Art of the Asmat


Asmat art

‘Asmat-ow’ means ‘we, the true people’, and ‘as asmat’ means ‘we, the people of the tree.’ For the Asmat, a tree is identical with a human being. Trees are inhabited by the souls of the dead. Myths tell that mythical ancestors can emerge from trees. Ancestor figures are carved from wood. To evaluate Asmat art, twelve different cultural groups are to be taken into account. They are to be differentiated less in terms of language but rather with respect to characteristic feasts, in which cultural objects temporarily play an important role, as for example the omu-spirit pole, the wuramon-soal boat, the masks, the bis-ancestor poles, the basosuankus logs or the bünüt-crocodile representations.


Art can create a unity between spirit and body. The artist, the cescuipit (talented man), is able to unite earthly and spiritual forces. This unity can be achieved by a carving, a song, a mythical narration or the sound of drums. Headhunting, ancestor representations, rituals and art are inseparable elements in traditional Asmat life. Among the cescuipit, the wood carvers (wow ipit) are highly esteemed. The cescuipits instruct male family members or - during the preparation of a feast - helpers how to work on smaller details of a carving. For a simple carver to become a real cescuipit requires inherent talent, creativity, cultural knowledge and personal charisma. As elsewhere in the world, the artists in Asmat also have to cope with the present. In Asmat art, two art categories can be distinguished:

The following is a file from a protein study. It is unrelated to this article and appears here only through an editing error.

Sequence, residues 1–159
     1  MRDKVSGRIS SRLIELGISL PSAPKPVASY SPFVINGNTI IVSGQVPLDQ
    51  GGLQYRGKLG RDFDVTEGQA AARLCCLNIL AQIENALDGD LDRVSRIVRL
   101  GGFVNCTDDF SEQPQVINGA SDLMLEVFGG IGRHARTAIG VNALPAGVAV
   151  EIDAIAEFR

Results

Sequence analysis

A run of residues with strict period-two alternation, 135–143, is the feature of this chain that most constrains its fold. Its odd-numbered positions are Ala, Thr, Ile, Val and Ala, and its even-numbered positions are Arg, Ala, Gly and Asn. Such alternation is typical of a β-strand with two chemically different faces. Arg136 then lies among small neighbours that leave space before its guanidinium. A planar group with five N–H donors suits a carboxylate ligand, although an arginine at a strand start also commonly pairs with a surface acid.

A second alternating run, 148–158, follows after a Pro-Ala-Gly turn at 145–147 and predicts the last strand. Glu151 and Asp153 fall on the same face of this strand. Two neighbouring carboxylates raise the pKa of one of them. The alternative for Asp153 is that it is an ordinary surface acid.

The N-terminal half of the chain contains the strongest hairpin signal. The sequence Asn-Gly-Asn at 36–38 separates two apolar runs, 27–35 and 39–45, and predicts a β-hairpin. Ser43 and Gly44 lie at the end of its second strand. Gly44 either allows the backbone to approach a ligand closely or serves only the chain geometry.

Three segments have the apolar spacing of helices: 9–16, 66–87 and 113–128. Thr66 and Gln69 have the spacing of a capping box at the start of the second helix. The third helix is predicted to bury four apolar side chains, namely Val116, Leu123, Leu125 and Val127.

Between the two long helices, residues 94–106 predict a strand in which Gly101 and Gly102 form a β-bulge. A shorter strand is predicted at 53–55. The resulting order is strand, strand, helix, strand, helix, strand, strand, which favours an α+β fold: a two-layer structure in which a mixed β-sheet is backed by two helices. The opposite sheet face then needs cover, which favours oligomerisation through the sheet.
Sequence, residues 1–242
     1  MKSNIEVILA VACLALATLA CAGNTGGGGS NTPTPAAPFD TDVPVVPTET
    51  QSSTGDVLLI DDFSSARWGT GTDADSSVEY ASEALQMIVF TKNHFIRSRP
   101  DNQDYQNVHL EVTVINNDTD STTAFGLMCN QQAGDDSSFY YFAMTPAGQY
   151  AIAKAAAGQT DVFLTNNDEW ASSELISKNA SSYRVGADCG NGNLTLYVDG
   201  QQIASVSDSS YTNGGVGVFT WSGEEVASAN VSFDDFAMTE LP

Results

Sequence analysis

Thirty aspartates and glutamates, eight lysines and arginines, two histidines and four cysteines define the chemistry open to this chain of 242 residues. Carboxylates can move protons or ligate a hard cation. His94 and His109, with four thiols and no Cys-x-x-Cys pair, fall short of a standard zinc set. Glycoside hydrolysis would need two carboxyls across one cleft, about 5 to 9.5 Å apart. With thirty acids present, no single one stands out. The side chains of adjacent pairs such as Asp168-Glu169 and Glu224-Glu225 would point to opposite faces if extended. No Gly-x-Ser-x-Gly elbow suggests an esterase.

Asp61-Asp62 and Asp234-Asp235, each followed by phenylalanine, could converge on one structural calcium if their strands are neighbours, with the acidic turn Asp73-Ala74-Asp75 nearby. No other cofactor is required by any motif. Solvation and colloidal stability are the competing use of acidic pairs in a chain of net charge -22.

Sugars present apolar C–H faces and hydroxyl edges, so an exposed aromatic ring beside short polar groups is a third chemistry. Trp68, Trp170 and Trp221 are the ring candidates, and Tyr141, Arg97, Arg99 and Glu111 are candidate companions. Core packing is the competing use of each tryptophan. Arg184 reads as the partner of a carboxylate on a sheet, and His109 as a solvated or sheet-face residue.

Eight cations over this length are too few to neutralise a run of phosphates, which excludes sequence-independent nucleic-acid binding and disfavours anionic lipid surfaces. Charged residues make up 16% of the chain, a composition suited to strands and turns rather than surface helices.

a. Traditional objects produced for a ceremony. They are made according to age-old concepts and have a ritual function and meaning.
b. Contemporary art which is free from functional constraints and the necessity to pay heed to tradition-bound prescriptions, but is based on the artist’s creative confrontation with his culture-bound philosophy and his experience of the present.